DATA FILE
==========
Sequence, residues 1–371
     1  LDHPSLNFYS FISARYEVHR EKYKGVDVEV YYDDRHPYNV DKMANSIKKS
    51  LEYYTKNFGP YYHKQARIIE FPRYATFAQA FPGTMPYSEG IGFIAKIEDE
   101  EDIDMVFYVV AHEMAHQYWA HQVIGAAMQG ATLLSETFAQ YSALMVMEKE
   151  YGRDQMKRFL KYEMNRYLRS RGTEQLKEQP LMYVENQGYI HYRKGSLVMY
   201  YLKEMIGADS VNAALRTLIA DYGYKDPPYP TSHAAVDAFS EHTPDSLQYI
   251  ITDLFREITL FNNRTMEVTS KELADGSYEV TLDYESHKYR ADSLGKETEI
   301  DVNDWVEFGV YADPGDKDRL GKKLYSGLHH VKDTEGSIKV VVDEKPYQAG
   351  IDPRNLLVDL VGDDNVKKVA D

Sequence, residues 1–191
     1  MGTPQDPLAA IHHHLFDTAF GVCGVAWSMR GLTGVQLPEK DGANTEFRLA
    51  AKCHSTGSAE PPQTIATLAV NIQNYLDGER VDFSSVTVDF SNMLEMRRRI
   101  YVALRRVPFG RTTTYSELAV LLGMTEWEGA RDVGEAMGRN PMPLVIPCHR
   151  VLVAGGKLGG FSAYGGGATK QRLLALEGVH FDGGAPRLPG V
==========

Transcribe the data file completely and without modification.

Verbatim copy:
Sequence, residues 1–371
     1  LDHPSLNFYS FISARYEVHR EKYKGVDVEV YYDDRHPYNV DKMANSIKKS
    51  LEYYTKNFGP YYHKQARIIE FPRYATFAQA FPGTMPYSEG IGFIAKIEDE
   101  EDIDMVFYVV AHEMAHQYWA HQVIGAAMQG ATLLSETFAQ YSALMVMEKE
   151  YGRDQMKRFL KYEMNRYLRS RGTEQLKEQP LMYVENQGYI HYRKGSLVMY
   201  YLKEMIGADS VNAALRTLIA DYGYKDPPYP TSHAAVDAFS EHTPDSLQYI
   251  ITDLFREITL FNNRTMEVTS KELADGSYEV TLDYESHKYR ADSLGKETEI
   301  DVNDWVEFGV YADPGDKDRL GKKLYSGLHH VKDTEGSIKV VVDEKPYQAG
   351  IDPRNLLVDL VGDDNVKKVA D

Sequence, residues 1–191
     1  MGTPQDPLAA IHHHLFDTAF GVCGVAWSMR GLTGVQLPEK DGANTEFRLA
    51  AKCHSTGSAE PPQTIATLAV NIQNYLDGER VDFSSVTVDF SNMLEMRRRI
   101  YVALRRVPFG RTTTYSELAV LLGMTEWEGA RDVGEAMGRN PMPLVIPCHR
   151  VLVAGGKLGG FSAYGGGATK QRLLALEGVH FDGGAPRLPG V